Gandhi succeeded on the basis of non-violence in all his struggles then why he will advocate violence in the begining of any struggle. However, at the fag end of his life he must have also realised that Violence can't be always checkmated by the icon of Non-violence himself, as the events just before & just after the partition proves.

We don't have any final verdict on the violence of 1946/1947 from Gandhi becoz he himself became a victim of mindless violence. We can only take lot of lessons about the relevance of non-violence from his life in pursuing various goals of the humanity but the time of rejecting the option of violence has not arrived yet.

Men may have become the King of Animal kingdom but yet he is an animal only by instincts. When someone is a Professor at some American Univ then it becomes very easy to preach Non-violence in seminars but when one is living in the dangerous Tigris valley or around the exotic Durand line then non-violence option offers severe limitations.
You are wonderfully true in your assessment of violence. The man who withdrew his movement after Chaurichaura massacre was still evolving. While constantly expanding the area of non-violence he did not withdrew his 'Quit India" agitattion in 1942 though, Mumbai (Bombay of old fame) was burning and there was unabashed violence. By then, he had realised that non-violence was his 'EXPERIMENT' which may not always succeed or may not always be adopted by all. Though, this did not shake his faith in nonviolence.He thought the Mumbai violence was only an aberration and nonviolence remained the main principle of life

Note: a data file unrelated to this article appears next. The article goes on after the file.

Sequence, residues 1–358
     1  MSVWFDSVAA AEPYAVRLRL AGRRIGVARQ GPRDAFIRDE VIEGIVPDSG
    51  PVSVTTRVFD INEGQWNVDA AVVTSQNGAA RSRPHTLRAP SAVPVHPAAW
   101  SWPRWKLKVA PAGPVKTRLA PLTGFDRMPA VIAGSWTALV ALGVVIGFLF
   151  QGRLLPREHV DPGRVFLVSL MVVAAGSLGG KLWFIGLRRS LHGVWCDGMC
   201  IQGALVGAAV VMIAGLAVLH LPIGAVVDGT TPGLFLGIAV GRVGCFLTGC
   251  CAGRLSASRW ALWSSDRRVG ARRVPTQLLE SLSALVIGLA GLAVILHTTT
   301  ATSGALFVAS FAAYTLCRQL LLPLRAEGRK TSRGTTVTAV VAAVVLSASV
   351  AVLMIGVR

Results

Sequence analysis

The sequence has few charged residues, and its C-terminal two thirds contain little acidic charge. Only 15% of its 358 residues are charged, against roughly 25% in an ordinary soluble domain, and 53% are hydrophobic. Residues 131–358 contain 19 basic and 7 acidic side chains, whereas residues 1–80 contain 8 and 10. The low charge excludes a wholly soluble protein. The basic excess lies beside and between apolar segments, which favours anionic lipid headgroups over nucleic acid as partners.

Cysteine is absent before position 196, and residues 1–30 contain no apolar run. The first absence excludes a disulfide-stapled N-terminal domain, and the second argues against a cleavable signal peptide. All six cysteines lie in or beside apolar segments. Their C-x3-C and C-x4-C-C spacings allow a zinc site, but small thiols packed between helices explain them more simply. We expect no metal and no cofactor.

Violence is part of human nature and since it is a baser instinct, Gandhi wanted to overcome it. And he showed that the existance was possible only because of nonviolence which was practised at some point of time in human evolution. How true! Basically, nonviolence accepts co-existance as its first premise which is not acceptable to violence. It is a question of expanding the area which supports existance. There will be violence… terrorists et al. But the state violence is equally unacceptable. And this is what we see against Palestinians. Now, advising them to organise non-violent demonstrations amidst constant bombing may lead to some great and stirring sacrifices but basically, it is the duty of other inhabitants of this planet to oppose methods of war and establish 'concilliation' as the only means available to mankind. .